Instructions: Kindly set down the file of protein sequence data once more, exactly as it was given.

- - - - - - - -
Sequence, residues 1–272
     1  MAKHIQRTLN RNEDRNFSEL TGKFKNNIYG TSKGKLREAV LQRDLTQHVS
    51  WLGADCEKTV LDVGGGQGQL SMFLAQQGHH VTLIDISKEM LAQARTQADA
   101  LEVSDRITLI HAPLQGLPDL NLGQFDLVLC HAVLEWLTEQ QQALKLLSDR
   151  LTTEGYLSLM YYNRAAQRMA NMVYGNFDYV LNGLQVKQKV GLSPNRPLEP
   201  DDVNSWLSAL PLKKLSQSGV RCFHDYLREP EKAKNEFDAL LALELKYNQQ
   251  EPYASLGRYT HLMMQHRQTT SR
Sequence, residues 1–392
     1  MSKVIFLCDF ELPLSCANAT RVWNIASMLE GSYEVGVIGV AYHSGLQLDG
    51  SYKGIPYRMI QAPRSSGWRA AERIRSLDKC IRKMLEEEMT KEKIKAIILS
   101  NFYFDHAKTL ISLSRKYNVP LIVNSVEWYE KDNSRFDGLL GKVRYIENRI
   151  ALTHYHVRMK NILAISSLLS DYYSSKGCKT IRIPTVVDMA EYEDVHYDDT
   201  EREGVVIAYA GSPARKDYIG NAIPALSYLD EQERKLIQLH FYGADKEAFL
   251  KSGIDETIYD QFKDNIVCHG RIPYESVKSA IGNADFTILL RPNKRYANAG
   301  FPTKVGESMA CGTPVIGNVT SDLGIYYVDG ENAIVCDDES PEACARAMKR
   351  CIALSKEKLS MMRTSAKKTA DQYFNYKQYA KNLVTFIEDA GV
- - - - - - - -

Sequence, residues 1–272
     1  MAKHIQRTLN RNEDRNFSEL TGKFKNNIYG TSKGKLREAV LQRDLTQHVS
    51  WLGADCEKTV LDVGGGQGQL SMFLAQQGHH VTLIDISKEM LAQARTQADA
   101  LEVSDRITLI HAPLQGLPDL NLGQFDLVLC HAVLEWLTEQ QQALKLLSDR
   151  LTTEGYLSLM YYNRAAQRMA NMVYGNFDYV LNGLQVKQKV GLSPNRPLEP
   201  DDVNSWLSAL PLKKLSQSGV RCFHDYLREP EKAKNEFDAL LALELKYNQQ
   251  EPYASLGRYT HLMMQHRQTT SR
Sequence, residues 1–392
     1  MSKVIFLCDF ELPLSCANAT RVWNIASMLE GSYEVGVIGV AYHSGLQLDG
    51  SYKGIPYRMI QAPRSSGWRA AERIRSLDKC IRKMLEEEMT KEKIKAIILS
   101  NFYFDHAKTL ISLSRKYNVP LIVNSVEWYE KDNSRFDGLL GKVRYIENRI
   151  ALTHYHVRMK NILAISSLLS DYYSSKGCKT IRIPTVVDMA EYEDVHYDDT
   201  EREGVVIAYA GSPARKDYIG NAIPALSYLD EQERKLIQLH FYGADKEAFL
   251  KSGIDETIYD QFKDNIVCHG RIPYESVKSA IGNADFTILL RPNKRYANAG
   301  FPTKVGESMA CGTPVIGNVT SDLGIYYVDG ENAIVCDDES PEACARAMKR
   351  CIALSKEKLS MMRTSAKKTA DQYFNYKQYA KNLVTFIEDA GV